Sōrin had a great fondness for the game of Kemari (蹴鞠), or `kick ball`.(232) Kemari was one of the most aristocratic of all entertainments. Many generations of the Ōtomo family learned the game from the Asukai family (飛鳥井氏). Sōrin`s own son Yoshimune received instruction from Asukai Masanori (飛鳥井雅教) (according to articles in the Ōtomo Monjo). The shogun Ashikaga Yoshiteru (足利義輝) heard from Asukai Masatsuna (飛鳥井雅綱) that Sōrin was fond of Kemari, and so sent Sōrin clothing known as `kaori no kami` to be worn when playing Kemari. Such pastimes as these must have been very much to the liking of Sōrin.(232)

As for Nō drama, we have touched upon this subject during the course of our narrative. We know that Kanze Daibu had been invited to Bungo as a result of negotiations made with the shōgun. In order to pay for Kanze`s expenses, a levy had been imposed on the Ōtomo territories, with persons such as Kamaike Jūrō (蒲池十郎) of Chikugo ordered to provide money (according to the Kamaike Monjo). When Sōrin visited Toyotomi Hideyoshi at Osaka castle, he happened to meet the performer Kanze Matasaburō (観世又三郎). Nō had, however, been performed and admired by the Ōtomo family and their retainers long before Sōrin`s time. For example, as was revealed in an earlier passage, in the 16th year of Tenbun (1547) Tajiri Chikatane of Chikugo Takao and his son were invited to Funai by Ōtomo Yoshiaki, who bestowed upon them permission for Yoshitane`s son to succeed as heir to the Tajiri family. In celebration of this event, Yoshiaki allowed a performance of Nō for his guests. The Nō drama consisted of five parts, from the Gosechi (五節), to the Kumasaka (熊坂), Usugumo (薄雲), Morihisa (守久), and Kakitsubata (燕子花). The performers themselves were Shundō Jinsaburō (春藤仁三郎), Matsuhikari Matajirō (松光又二郎), Taiko Goei`mon (太鼓五衛門) and six others. Both members of the Tajiri family were also fond of Nō, as Chikatane`s son Akitane joined the performers to beat the taiko drum during the performance of the Kakitsubata. As a reward, Yoshiaki himself passed a drinking cup to Akitane, and poured sake for him (all documented in the Tajiri Ke Monjo).(232-233)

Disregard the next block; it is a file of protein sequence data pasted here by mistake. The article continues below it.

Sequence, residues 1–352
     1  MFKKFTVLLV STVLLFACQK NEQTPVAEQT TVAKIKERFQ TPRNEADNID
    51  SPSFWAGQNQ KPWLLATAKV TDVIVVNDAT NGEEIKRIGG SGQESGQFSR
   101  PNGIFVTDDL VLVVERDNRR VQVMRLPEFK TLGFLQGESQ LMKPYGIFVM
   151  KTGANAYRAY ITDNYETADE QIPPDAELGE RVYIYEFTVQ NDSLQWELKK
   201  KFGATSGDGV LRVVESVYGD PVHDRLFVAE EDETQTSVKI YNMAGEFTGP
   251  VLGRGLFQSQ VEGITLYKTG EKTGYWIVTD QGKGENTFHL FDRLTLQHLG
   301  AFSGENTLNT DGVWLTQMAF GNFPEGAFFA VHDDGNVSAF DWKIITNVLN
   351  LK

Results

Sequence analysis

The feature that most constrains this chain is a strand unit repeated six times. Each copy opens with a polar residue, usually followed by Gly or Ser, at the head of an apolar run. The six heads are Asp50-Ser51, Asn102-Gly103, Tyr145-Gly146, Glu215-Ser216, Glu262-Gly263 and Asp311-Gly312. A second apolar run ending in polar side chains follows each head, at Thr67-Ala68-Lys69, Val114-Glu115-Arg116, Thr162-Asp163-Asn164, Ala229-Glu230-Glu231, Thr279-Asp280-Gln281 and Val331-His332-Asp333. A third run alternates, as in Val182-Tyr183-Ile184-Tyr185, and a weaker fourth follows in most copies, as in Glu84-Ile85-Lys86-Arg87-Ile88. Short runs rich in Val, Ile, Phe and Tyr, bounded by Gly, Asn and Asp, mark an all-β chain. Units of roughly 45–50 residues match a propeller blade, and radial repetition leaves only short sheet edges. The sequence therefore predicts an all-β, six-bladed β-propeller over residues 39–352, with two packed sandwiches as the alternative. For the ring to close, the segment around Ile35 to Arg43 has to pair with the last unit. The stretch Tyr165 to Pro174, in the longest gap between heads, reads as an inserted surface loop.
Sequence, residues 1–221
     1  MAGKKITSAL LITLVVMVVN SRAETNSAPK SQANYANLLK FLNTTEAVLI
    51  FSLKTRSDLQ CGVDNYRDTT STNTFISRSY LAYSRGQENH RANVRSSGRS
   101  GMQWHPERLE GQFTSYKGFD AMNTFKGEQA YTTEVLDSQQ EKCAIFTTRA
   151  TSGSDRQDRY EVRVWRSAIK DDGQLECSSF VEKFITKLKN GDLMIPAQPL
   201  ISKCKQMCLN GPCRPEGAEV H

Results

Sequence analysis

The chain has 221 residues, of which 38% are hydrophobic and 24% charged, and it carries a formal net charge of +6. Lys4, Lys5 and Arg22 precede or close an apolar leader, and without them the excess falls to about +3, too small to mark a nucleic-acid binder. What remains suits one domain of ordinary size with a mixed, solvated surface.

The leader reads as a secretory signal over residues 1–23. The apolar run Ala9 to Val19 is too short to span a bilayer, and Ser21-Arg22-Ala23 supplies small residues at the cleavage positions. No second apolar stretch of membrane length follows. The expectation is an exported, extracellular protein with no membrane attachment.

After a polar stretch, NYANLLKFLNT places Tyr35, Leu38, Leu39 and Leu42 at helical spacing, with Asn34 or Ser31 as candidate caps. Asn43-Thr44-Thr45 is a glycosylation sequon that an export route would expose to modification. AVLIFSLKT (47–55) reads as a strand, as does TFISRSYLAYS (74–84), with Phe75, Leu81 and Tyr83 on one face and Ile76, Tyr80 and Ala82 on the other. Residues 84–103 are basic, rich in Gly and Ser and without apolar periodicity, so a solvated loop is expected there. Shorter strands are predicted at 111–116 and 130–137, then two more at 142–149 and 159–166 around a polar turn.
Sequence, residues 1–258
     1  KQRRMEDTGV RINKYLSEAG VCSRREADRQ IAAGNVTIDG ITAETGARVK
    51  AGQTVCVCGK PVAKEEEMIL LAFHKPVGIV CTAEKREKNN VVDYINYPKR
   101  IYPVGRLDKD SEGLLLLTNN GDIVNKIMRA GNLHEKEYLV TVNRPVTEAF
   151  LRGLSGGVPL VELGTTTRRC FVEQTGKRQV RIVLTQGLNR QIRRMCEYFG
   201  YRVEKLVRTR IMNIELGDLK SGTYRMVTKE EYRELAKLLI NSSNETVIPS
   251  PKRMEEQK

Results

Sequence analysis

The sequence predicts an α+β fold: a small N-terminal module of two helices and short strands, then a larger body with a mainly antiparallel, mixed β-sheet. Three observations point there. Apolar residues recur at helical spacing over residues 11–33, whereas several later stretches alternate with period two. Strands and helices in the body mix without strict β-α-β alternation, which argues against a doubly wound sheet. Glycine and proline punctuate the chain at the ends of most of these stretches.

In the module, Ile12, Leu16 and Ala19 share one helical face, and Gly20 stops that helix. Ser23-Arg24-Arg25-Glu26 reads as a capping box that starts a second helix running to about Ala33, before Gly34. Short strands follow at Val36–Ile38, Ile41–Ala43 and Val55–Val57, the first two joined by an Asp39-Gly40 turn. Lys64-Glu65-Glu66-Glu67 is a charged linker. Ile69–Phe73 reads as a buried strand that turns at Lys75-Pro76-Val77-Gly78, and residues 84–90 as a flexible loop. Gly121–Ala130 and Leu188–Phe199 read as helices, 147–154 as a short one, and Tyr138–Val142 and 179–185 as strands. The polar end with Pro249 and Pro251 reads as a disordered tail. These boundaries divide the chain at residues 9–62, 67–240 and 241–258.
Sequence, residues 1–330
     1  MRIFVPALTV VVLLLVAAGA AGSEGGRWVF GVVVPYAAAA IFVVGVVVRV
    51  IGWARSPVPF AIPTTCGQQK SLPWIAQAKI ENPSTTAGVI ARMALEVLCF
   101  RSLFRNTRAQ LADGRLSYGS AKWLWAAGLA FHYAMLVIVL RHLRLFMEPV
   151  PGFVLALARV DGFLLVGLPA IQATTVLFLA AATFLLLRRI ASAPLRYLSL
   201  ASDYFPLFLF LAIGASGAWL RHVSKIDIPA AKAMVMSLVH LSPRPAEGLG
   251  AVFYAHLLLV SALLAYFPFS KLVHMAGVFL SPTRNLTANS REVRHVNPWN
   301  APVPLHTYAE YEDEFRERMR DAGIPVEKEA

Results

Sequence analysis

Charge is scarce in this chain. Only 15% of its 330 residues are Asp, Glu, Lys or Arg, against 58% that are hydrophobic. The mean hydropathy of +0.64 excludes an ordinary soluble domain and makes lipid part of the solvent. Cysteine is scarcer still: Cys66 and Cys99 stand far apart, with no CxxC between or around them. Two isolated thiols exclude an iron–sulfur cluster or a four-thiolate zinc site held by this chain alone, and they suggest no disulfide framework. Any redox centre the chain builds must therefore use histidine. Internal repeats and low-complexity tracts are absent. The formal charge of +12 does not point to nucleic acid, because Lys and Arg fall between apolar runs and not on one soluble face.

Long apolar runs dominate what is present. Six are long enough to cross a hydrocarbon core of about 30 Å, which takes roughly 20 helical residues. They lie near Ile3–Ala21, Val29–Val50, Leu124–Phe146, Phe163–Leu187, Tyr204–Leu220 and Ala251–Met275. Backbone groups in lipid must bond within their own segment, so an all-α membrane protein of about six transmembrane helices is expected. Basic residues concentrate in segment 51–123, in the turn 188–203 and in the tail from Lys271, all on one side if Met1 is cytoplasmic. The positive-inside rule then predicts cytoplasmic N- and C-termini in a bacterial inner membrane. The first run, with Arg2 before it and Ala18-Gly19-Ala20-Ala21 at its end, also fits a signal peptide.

Sōrin also participated in the sport of `inuōmono` (犬追物), or `dog hunting`. From the records of the Ōtomo family, we know that this pastime had been practiced by the Ōtomo since the time of Sōrin`s grandfather Yoshinaga. Yoshinaga enjoyed hunting in the company of his retainers, although this was probably a strategy aimed at keeping relations cordial between himself and his senior councillors. The pastime was then handed on to Yoshiaki and Sōrin. Sōrin was apparently quite passionate about inuōmono, as Tajiri Chikatane wrote a description of an excited Sōrin participating in inuōmono when Chikatane paid a visit to Funai.(233) Falconry and other forms of hunting were another of Sōrin`s favourite pastimes. He had a number of `waystations` (or machiya, 待屋) placed throughout his territories, and as we have seen, had a waystation official (known as a machiya bugyō) appointed to oversee the administration of such facilities. He also had an official `beater` (or seko, 勢子), `lookout` (or kenmi, 検見), `caller` (or wamekihiki, 喚引) and official in charge of hunting dogs (known as an inukake, 犬かけ).(234)

Sōrin also had a profound interest in the tea ceremony. According to the Ōtomo Kōhai Ki, Sōrin possessed the following tea utensils…


If this record is correct, then Sōrin held a remarkable number of tea urns, spoons, bowls, whisks, and tea chests. The tea urn known as the Shiga (志賀) was given as a gift to Hideyoshi when Sōrin sought his assistance in Tenshō 14 (1586). In return, Hideyoshi gave Sōrin a tea urn known as the `yon jū koku` (or 四十石) and showed the content of his private collection to Sōrin. Based on the source quoted above, Sōrin appears to have sought out tea utensils in the same manner as he sought out artworks, by receiving gifts from his retainers, in this case Mōri Hyōbu and Usuki Etchū no Kami Akisumi, and from merchants such as Bandōya Shūchin (宗椿) and Iyōya.(235) We have seen how Sōrin maintained friendly relations with the merchants of Hakata, particularly the tea master Shimai Sōshitsu. Sōrin received a great number of tea utensils from this relationship, almost as a matter of course. It leads one to feel that perhaps Sōrin suffered from an advanced case of `collector`s mania`.(236)